Sophisticated Science in a Schoolyard

Summer 2006

At Baltimore Polytechnic Institute, Sam Small (right) launches a network of 20 wireless environmental sensors to be used by students. On the left is their A.P. Environmental Science teacher, Robert Marinelli.

Grad student Sam Small deploys a remote sensing project at Poly to give high school students in-depth experience with environmental monitoring.

“GET STUDENTS INVOLVED in novel science, math, and technology experiences in the K-12 classroom, and they’ll be interested in studying engineering when they go to college,” explains Sam Small, a third-year PhD student in the Whiting School of Engineering’s Department of Computer Science. “Give them the chance to conduct research and understand its real-world applications, and they’ll be engaged and will want to do more.” That’s exactly his plan for students at Poly (Baltimore Polytechnic Institute).

When Small was a high school student in northern Virginia, he knew he wanted to study computer science in college. “I took an A.P. [Advanced Placement] computer science class and interned at technology companies while in high school,” he explains. At The College of William & Mary, he never questioned what his major would be—until the second semester of his senior year, when he took a biology class to fulfill a science requirement. “Until then, I never realized science and technology could be so closely related,” he says. “I think if I’d discovered that earlier, there’s a good chance I might not have majored in computer science—or I would have combined it with a science degree.”

This spring, through participating in BIGSTEP (Broader Impact for Graduate Students Transferring Engineering Principles), Small is combining his desire to share his interests—including the connections between computer science and biology—with his research. He is exploring wireless sensor networks with his adviser, Andreas Terzis, assistant professor of Computer Science. BIGSTEP, an initiative to reach K-12 students, is part of the Whiting School’s Center for Educational Outreach and is funded by the National Science Foundation. (See “One Giant Step Reaches Out to Schools” in the Fall 2005 Johns Hopkins Engineer.)

A Spring Planting of Sensors

On the grounds of Poly, a public high school known for its science and engineering curriculum, Small in March installed a network of 20 wireless environmental sensors. Students in Poly’s A.P. Environmental Science class helped deploy the sensors and will use them for research.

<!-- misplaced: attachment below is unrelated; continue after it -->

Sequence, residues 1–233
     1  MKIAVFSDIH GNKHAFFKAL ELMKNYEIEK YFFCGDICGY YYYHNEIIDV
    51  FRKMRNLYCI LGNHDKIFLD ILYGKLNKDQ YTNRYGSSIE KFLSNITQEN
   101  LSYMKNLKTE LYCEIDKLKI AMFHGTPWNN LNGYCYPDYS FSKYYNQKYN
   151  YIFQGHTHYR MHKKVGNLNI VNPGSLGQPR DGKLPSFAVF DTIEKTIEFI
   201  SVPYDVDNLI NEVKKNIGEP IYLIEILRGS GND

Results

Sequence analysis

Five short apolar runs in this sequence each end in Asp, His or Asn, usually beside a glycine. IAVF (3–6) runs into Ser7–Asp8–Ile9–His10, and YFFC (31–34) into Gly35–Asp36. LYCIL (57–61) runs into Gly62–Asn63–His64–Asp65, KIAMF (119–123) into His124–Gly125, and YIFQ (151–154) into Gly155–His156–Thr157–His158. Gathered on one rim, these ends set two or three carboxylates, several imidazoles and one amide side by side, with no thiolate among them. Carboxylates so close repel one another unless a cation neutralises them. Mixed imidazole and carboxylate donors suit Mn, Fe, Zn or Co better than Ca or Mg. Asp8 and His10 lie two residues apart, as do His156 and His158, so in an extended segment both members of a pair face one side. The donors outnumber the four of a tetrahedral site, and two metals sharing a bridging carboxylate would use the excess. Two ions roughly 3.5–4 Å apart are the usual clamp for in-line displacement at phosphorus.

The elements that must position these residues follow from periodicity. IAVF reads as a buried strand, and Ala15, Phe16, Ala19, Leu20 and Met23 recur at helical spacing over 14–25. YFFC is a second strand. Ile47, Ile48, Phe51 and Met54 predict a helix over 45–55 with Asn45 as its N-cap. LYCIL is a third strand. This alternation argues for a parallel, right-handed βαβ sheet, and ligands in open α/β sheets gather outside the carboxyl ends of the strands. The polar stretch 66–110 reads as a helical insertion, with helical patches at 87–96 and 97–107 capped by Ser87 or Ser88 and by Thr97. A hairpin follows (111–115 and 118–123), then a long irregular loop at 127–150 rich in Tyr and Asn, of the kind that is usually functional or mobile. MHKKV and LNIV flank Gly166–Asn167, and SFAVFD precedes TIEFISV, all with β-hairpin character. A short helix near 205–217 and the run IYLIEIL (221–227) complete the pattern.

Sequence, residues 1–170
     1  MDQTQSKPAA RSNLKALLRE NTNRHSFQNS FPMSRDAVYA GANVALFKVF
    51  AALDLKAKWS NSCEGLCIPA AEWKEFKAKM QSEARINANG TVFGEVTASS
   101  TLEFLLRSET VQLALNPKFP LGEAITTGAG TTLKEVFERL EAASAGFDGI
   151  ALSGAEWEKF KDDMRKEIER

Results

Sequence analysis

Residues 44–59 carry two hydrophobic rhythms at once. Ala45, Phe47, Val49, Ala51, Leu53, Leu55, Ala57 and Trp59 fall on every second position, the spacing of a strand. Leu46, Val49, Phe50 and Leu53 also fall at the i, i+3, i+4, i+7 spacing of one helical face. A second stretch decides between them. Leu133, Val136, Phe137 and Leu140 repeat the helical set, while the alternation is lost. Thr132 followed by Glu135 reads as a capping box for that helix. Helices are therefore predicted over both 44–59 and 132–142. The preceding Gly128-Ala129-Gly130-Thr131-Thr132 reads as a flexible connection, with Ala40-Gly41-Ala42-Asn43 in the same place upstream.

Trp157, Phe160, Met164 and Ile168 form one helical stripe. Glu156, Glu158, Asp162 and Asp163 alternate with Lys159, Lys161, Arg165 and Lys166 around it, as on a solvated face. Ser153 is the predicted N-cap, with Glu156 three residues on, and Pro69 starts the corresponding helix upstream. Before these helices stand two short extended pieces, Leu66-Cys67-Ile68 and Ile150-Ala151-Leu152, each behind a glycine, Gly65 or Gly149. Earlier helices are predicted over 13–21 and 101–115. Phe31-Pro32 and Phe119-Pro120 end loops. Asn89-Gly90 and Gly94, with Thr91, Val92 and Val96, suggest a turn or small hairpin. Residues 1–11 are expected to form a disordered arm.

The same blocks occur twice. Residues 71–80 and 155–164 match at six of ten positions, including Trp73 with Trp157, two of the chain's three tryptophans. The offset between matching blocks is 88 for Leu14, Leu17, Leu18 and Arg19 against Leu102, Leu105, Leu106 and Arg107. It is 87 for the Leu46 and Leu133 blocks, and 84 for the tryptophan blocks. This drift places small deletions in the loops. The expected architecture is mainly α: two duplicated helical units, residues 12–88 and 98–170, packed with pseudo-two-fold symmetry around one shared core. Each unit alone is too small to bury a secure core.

Poly’s wireless sensor system is similar to a network that Small, Terzis, and faculty from two Krieger School of Arts and Sciences departments (the Morton K. Blaustein Department of Earth and Planetary Sciences and the Henry A. Rowland Department of Physics and Astronomy) have deployed in the woods near the Homewood campus. “We’ve developed a network to monitor soil properties—moisture and temperature—using custom electronic components and software we’ve designed,” Small explains. “The data is collected automatically and is available to us on the web.”

Potential applications for this type of sensor are numerous, according to Small. They include structural monitoring that could provide an early warning system in unstable environments or environmental monitoring in numerous locations.

Analysis That Drives Inquiry

Traditionally, schoolyard ecology might involve a group of students monitoring soil temperature at one site, once a week, Small explains. The project at Poly, however, is unique in the sophistication of the tools the students are using and the depth of data they are gathering. The wireless sensors provide far more data—gathered from multiple locations and at multiple times. The data then are made available for analysis on the Internet through graphic simulations created by graduate students at California State University, Los Angeles.

This research opportunity, according to Small, provides high school students with far more than information about the ambient light levels, soil water pressure, and soil temperature in north Baltimore. “The project motivates science-based inquiry,” Small says. “When we’re dealing with data gathered at a finer granularity, it forces students to ask more questions and think about more nuanced topics than are usually introduced at the high school level—how to collect data, calibration, what is a ‘good’ measurement and what is not, and where bias might enter the picture. Analyzing the data provides real-world calculus problems for students to solve, bringing greater relevance and meaningful issues into their curriculum.”

Robert Marinelli, who teaches the A.P. class and heads Poly’s Science and Engineering Department, agrees. “This project gives kids the rare opportunity to do hard environmental science,” he explains. “Environmental science is usually observational at the high school level, but we’re generating real, quantifiable data.” Even more important, Marinelli states, is that, “Because of the way Sam has structured the class, asking the students what they want to study and giving them a say in the investigation, the kids are gaining experience as practicing scientists and they have real ownership of the project.”

Small’s work at Poly represents the first phase of a project that will eventually include California State University, Los Angeles; Tufts University; and Native American schools in Minnesota. This summer, Small will travel to Minnesota to help set up additional wireless sensor networks for high school students.

The remote sensing project, Small believes, could also help students better understand the connections between technology and science and could provide them with a broader range of options from which to choose when they begin college. “I think it can demonstrate to science students that there may be a place for them in technology,” he explains. “My hope is that the experience opens new doors for them.”